The Home Coming


On 29 June 2015, Monday, by afternoon, we checked into Fairfield Inn Hotel of the Marriot group of hotels at Sault Ste Marie. Everyone was in a hurry to take a shower, something they missed for the four days they were out camping. After the shower, Nikhil stretched on his bed and he said that it is a great luxury to have running cold and hot water, a comfortable washroom and a refreshing bath. A soft bed at the end of a tiring day is what looks forward to and one must be thankful to the God and the parents for providing us kids with all these luxuries. I felt that the aim of the camping has been achieved to a great extent.

Nikhil found the Mermon Bible (The Book of Mormons) in the room and settled down on the couch to read it. The Mormons are one of the most successful and prosperous cults that owns large pieces of land in Utah, Hawaii and Canada, along with owning the Marriott Hotel chain, Beneficial Life Assurance Company and many television and radio stations. The cult was started in New York State by a farm worker in the 1820’s named Joseph Smith. Mr Smith was driven to action after he claimed to have been visited by a vision of God and by an angel called Moroni who revealed the whereabouts of buried golden plates to him. The Book of Mormons is based on these very same magical golden plates. Mitt Romney, who ran as Republican Party’s nominee for US President in 2012 election an and who served as the Governor of Massachusetts from 2003 to 2007 belongs to the cult.

In the evening we drove to the Harmony Beach for a swim and dinner thereafter. By evening everyone retired to the bug free environs for a good night’s sleep. After the courtsey breakfast at the hotel, we checked out and drove to Sudbury, about 300 km along Trans National Highway 17. This city of about 160,000 has the most happy people in the country according to Statistics Canada report of 2015. It is also the largest city in Ontario by area and the seventh largest municipality by area in Canada. The city was founded following the discovery of nickel ore by Tom Flanagan, a Canadian Pacific Railway blacksmith in 1883.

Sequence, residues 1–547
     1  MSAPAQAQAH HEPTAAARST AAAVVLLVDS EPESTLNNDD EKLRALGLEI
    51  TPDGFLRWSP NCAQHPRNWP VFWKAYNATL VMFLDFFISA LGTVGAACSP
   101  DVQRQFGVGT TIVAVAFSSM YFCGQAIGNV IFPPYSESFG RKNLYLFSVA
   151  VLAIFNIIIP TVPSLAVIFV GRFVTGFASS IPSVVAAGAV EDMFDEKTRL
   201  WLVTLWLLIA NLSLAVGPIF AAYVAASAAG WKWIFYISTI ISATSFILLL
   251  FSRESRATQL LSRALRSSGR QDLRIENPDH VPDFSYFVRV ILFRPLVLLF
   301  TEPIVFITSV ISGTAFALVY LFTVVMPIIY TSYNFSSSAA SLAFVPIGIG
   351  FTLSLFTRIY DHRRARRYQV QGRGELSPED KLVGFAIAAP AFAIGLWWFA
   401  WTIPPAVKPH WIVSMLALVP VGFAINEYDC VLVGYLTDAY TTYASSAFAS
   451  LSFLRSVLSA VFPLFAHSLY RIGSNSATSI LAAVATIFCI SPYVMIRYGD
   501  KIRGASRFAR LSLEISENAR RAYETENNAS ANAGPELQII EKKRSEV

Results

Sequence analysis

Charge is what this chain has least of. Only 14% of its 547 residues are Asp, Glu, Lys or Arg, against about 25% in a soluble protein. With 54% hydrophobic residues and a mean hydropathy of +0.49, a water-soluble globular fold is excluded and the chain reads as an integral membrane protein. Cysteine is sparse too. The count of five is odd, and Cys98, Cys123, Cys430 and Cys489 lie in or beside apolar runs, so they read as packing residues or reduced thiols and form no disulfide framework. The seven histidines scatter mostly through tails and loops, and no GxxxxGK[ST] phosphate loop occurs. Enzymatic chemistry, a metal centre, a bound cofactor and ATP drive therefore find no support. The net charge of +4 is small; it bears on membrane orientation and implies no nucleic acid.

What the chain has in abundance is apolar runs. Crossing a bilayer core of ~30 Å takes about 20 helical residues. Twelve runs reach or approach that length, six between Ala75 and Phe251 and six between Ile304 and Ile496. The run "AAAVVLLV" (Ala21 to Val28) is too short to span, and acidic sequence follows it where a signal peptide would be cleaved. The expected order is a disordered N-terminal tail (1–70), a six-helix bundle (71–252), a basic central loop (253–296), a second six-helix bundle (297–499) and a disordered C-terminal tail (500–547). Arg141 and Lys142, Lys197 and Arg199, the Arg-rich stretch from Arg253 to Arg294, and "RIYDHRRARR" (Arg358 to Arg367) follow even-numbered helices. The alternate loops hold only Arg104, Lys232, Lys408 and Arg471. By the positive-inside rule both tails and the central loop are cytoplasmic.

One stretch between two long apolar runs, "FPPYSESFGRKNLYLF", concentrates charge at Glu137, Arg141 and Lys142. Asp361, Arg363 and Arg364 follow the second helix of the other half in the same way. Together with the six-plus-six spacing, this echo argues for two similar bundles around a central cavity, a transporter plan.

We drove to the Science North, an educational resource for children and adults across the province. The centre provides hands-on experience for kids and the exhibits can be handled by kids and they can perform various science experiments. This place is a must visit place for all middle and high school students. Some of the impressive exhibits were:-

  • Northern Forests – In this area, you learn and see animals who live in northern forests. Some of the animals include the Northern Screech Owls, the porcupine and the skunk. Other notable animals include the Northern Flying Squirrels, the Grey Rat Snake and the Big Brown bats. The nocturnal room allows people to see active nocturnal animals during the day. The intricate bee hive, behind a plate glass window, allows visitors to see into the hive.
  • Rivers and Lakes – In this area, animals that live in rivers and lakes are featured. The Beaver, Common Snapping Turtle, Northern Water Snakes and local fish found in Northern Ontario Lakes feature in this section. This sections allow people to get a better understanding of the aquatics systems that surround Northern Ontario and the difficulties and challenges these systems are currently facing and how erosion effects the landscape around us.